NHS England waiting times for cancer referral and treatment at record high


The numbers of cancer patients facing delays in seeing a specialist for the first time and starting their treatment have hit record highs in England, amid fears that overstretched NHS services can no longer provide prompt care.

The disclosure comes as a new row over how quickly hospitals can clear the record 6 million-strong NHS backlog has forced ministers to delay publication of the long-awaited plan to tackle it.

Half a million people in England with suspected cancer will have to wait longer than the supposed two-week maximum to see an oncologist this year, an analysis for the House of Commons library reveals.

The number of patients confirmed to have the disease who are unable to start treatment such as surgery or chemotherapy within the 31 or 62 days that hospitals try to guarantee is expected to exceed 75,000 for the first time.

Experts, who claim significant shortages in the NHS cancer workforce are to blame, fear delays in getting diagnosed and starting care could reduce a patient’s chances of survival. Cancer charities highlighted the “unimaginable distress and anxiety” they induce in patients.

“Cancer care is in crisis,” the shadow health secretary, Wes Streeting, said. “As this new analysis shows, terrifyingly large numbers of people are waiting longer than they should to receive vital cancer care and treatment with the insecurity of not knowing.”

Streeting, who was treated for kidney cancer last year, asked the Commons library to analyse the NHS’s performance against the array of targets introduced 11 years ago that in theory guarantee patients speedy care.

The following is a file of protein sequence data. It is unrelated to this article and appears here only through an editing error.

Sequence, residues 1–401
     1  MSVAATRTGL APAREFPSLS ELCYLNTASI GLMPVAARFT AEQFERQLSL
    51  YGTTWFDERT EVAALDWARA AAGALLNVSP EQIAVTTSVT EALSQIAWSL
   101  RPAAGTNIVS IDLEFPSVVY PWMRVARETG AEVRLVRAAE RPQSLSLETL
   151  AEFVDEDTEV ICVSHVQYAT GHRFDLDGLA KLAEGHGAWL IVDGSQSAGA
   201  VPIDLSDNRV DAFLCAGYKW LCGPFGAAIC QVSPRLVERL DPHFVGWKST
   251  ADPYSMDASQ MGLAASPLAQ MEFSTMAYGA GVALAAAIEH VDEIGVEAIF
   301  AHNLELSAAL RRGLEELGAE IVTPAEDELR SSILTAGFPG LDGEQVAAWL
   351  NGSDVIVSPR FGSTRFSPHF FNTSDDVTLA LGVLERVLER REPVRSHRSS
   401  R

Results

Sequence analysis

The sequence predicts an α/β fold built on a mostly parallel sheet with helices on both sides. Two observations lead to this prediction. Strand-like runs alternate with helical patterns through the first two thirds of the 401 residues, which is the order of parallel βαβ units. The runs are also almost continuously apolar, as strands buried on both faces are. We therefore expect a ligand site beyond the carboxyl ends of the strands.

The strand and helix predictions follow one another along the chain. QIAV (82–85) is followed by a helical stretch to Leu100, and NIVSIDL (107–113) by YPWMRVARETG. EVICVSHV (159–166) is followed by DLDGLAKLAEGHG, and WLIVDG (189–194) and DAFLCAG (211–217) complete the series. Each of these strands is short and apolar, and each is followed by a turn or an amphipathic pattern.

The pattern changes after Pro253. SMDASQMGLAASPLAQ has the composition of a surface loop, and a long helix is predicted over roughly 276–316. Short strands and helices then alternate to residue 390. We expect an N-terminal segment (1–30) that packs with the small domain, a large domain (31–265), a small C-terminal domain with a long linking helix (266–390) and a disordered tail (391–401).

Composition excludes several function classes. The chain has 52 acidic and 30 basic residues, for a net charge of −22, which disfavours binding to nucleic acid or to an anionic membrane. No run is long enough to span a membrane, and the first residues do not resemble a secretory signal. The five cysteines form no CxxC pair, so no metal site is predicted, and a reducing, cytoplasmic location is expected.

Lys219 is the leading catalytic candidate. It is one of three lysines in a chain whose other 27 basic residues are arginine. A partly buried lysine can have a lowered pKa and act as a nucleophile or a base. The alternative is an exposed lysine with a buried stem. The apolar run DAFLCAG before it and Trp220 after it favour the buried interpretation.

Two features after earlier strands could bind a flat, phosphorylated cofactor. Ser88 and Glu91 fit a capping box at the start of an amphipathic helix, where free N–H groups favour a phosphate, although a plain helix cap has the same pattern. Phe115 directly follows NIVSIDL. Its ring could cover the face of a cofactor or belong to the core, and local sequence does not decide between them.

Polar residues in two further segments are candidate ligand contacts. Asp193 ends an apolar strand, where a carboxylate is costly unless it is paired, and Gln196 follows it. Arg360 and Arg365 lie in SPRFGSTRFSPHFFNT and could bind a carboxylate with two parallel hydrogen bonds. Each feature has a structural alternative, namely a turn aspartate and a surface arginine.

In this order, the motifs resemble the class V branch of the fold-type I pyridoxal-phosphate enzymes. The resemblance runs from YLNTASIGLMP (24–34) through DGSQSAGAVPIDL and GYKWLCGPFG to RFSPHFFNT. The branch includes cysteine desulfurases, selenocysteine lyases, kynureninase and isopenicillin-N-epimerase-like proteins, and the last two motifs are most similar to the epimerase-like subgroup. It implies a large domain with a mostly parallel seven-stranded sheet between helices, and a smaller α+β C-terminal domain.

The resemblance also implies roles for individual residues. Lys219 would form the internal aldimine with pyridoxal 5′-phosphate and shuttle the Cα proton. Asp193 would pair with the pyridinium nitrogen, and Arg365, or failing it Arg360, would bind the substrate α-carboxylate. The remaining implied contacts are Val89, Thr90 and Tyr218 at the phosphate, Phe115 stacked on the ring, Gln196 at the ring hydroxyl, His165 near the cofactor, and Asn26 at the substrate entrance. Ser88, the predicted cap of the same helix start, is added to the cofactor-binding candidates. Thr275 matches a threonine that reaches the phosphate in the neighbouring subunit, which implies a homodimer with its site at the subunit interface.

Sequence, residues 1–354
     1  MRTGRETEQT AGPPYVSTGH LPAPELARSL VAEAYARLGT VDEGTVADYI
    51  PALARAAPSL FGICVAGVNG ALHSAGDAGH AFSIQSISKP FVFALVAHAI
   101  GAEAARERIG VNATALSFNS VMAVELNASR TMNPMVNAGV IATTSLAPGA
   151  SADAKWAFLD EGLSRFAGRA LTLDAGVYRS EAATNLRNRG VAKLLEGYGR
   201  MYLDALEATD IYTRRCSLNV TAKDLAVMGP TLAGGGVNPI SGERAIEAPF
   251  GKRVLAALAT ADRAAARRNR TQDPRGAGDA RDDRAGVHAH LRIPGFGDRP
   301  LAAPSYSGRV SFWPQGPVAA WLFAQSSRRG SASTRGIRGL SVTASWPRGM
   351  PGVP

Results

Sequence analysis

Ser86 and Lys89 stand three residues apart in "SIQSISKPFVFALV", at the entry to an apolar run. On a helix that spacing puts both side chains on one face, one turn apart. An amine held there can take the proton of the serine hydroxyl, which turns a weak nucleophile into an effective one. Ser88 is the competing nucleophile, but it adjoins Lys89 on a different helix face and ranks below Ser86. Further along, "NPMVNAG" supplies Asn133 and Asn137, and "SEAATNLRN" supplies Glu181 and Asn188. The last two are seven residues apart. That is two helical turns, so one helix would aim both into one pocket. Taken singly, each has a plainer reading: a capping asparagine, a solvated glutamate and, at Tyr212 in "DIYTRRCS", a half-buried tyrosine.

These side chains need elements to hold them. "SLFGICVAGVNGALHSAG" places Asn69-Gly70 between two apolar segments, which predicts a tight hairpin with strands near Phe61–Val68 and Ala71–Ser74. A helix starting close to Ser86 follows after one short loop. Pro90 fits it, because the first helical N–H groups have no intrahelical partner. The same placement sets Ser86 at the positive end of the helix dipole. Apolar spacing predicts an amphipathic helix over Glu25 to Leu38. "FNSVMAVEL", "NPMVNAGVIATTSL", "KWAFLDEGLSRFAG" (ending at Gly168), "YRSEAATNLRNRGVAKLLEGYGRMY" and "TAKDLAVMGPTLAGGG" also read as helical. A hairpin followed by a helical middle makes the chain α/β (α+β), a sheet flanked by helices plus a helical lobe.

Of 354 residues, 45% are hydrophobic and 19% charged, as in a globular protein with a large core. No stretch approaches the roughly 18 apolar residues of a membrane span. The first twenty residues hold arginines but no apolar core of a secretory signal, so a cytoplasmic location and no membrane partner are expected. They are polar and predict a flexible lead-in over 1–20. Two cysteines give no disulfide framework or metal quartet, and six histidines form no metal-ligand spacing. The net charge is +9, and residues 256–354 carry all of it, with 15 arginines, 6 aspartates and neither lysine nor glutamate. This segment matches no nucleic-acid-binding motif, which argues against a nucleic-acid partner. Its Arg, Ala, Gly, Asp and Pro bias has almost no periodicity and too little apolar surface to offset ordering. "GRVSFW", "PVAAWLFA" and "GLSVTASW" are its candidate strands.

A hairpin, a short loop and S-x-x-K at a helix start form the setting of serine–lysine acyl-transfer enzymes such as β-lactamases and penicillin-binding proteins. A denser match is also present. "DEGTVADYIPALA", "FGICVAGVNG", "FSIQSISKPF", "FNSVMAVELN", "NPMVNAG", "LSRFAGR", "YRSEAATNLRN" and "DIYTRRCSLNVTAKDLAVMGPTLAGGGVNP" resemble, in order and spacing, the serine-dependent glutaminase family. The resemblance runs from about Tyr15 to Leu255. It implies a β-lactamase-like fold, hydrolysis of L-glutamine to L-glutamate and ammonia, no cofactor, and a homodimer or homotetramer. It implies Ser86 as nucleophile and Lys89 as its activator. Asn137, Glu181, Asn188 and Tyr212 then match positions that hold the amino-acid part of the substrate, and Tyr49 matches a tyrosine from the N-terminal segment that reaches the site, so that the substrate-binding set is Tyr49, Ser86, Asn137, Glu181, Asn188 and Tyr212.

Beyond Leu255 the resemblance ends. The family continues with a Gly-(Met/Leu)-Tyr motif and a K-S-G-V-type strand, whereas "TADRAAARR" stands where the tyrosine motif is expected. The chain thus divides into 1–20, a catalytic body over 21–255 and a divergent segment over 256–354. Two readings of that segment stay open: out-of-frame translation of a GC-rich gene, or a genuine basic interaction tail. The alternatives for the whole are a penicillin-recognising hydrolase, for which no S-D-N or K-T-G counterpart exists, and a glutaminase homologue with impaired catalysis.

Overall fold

The analysis found that between April and November last year 290,428 people with possible symptoms of cancer did not get to see a specialist within 14 days of being urgently referred by a GP. After seven months of the year that is already far higher than the previous highest number breaches of the target, the 235,549 recorded last year.

They include 91,896 people who may have breast cancer, 76,307 with suspected skin cancer and 47,936 who GPs believe may be suffering from lower gastro-intestinal cancer.

The total figure equates to 41,490 people a month. If that trend continues, as many as 497,877 people who have a lump, unexplained bleeding or other potential sign of the disease will have missed out on a first appointment by the time 2021-22 ends at the end of next month. If confirmed, it will represent an almost 11-fold rise on the 45,291 such cases seen a decade ago.

“These figures show the huge challenge the NHS faces in clearing the cancer backlog. This is a time of real worry and anxiety for people waiting for a cancer diagnosis, with any delay creating the risk of a worse prognosis”, said Minesh Patel, the head of policy at Macmillan Cancer Support.

The analysis also shows that the proportion of women who GPs fear may have breast cancer who see an oncologist within two weeks has fallen to just 72.7% – the lowest since records began.

Source: The Guardian